Somehow the Israelites had forgotten the power and the grace of the Lord their God as it was revealed in the ten plagues the Lord brought against Egypt. Somehow the Israelites had forgotten the power and the grace of the Lord their God as they celebrated the very first Passover meal while they listened to all the Egyptians wailing loudly over the death of their firstborn. (See Exodus 12:29-30) Somehow the Israelites had forgotten the power and the grace of the Lord their God as He led them out of slavery— actual literal slavery— in the land of Egypt, loaded down with gold and silver and clothing. (See Exodus 12:35-36) Somehow the Israelites had forgotten the power and the grace of the Lord their God as He protected them from the vengeance of Pharoah by allowing the Israelites to cross the Red Sea on dry ground and then watch as the waters of the Red Sea swallow up Pharoah’s entire army. (See Exodus 14:21-31) In spite of all the power and all the grace that the Lord their God had revealed to them, in spite of the fact that the Lord their God was visibly guiding them with a pillar of cloud by day and a pillar of fire by night (See Exodus 13:20-22; 14:19-20), in spite of all this, God’s children grumbled against the Lord their God and said, “If only we had died by the LORD’s hand in Egypt!”
Thankfully for the children of Israel the Lord their God is not only the God who possesses all power, but He is also the God of amazing grace! Instead of simply wiping the children of Israel off the face of the earth, instead of simply abandoning them in the desert where they would have died a slow and painful death, how did the Lord their God respond to the grumbling of His children? We see the Lord’s response in His promise to provide for their physical needs. He promised to “rain down bread from heaven” every morning (manna) and to provide them with qual to eat at night.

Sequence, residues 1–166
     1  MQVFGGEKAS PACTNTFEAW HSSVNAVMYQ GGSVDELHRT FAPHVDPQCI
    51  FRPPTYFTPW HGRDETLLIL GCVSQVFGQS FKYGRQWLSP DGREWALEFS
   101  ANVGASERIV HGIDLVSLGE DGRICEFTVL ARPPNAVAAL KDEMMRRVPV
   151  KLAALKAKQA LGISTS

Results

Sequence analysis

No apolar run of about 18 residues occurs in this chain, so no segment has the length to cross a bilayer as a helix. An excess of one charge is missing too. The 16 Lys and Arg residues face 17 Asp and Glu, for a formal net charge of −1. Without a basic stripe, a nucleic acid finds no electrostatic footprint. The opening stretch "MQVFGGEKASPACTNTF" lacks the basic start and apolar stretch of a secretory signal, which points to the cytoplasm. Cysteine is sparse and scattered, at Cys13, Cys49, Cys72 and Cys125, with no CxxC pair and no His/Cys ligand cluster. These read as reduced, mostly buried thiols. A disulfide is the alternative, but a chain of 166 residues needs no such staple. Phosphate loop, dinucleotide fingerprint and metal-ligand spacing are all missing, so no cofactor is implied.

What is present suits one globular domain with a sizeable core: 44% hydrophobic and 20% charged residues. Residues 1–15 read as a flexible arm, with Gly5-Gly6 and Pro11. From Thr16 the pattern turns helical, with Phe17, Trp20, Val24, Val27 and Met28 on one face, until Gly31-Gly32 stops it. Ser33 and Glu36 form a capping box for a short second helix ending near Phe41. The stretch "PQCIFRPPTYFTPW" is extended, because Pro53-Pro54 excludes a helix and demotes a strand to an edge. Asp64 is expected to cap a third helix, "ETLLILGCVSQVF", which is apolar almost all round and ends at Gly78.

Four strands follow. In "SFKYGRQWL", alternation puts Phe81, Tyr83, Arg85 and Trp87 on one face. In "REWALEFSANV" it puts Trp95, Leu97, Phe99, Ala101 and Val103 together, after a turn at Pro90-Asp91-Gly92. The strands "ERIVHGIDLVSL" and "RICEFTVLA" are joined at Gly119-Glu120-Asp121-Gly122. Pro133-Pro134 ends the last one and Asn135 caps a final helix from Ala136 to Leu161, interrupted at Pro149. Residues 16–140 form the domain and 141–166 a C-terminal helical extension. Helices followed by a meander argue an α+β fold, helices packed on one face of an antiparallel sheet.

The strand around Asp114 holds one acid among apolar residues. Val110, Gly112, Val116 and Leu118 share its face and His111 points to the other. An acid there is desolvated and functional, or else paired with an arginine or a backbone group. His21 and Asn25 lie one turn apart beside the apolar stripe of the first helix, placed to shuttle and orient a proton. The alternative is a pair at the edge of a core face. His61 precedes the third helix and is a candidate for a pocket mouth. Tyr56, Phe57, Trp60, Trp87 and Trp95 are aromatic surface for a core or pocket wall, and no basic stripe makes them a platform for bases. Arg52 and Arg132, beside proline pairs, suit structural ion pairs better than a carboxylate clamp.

The key to understanding the Lord’s response is found in His words, “Then you will know that I am the LORD your God.” The exclamation point to the Lord’s response is found in verses seven and ten of our text. Verse seven reads, “in the morning you will see the glory of the LORD.” Verse ten reads, “While Aaron was speaking to the whole Israelite community, they looked toward the desert, and there was the glory of the LORD appearing in the cloud.”
Out of all the amazing things the children of Israel had seen, nothing could even begin to compare to seeing “the glory of the LORD.” While the Scriptures do not give us exact details concerning “the glory of the LORD” what it does tell us is quite revealing. In Exodus 24 we are told that “the glory of the LORD settled on Mt. Sinai…To the Israelites the glory of the LORD looked like a consuming fire on top of the mountain.” In Exodus 40 we are told, “Then the cloud covered the Tent of Meeting, and the glory of the LORD filled the tabernacle. Moses could not enter the Tent of Meeting because the cloud had settled on it, and the glory of the LORD filled the tabernacle.” When Solomon dedicated the Temple in Jerusalem we are told, “The priests could not enter the temple of the LORD because the glory of the LORD filled it” (2 Chronicles 7:1-3). In my little mind whenever I try to picture “the glory of the LORD” I automatically picture Jesus on the Mount of Transfiguration where we’re told that His face “shone like the sun” (Matthew 17:2) and His clothes “became as bright as a flash of lightening” (Luke 9:29).
The fact that “the glory of the LORD” is specifically bound together with the physical blessings of manna, the “bread from heaven,” along with the blessing of quail to eat, gives us a very relevant application of this text to our lives today, my friends. In His power and in His grace the Lord our God daily provides us with all the physical blessings we need to maintain our body and our life. In fact, most if not all of us would freely confess that the good Lord graciously provides us with far more than just our “daily bread.” The only question then is this: as we enjoy the physical blessings that the good Lord gives to us, do we stop to recognize the glory of the Lord? Do we see all of these physical blessings as the fruit of our labor, our hard work and our planning? Or, do we consciously look at all of our physical blessings in a way that lines up with what the Lord tells us in verse twelve of our text, “Then you will know that I am the LORD your God”?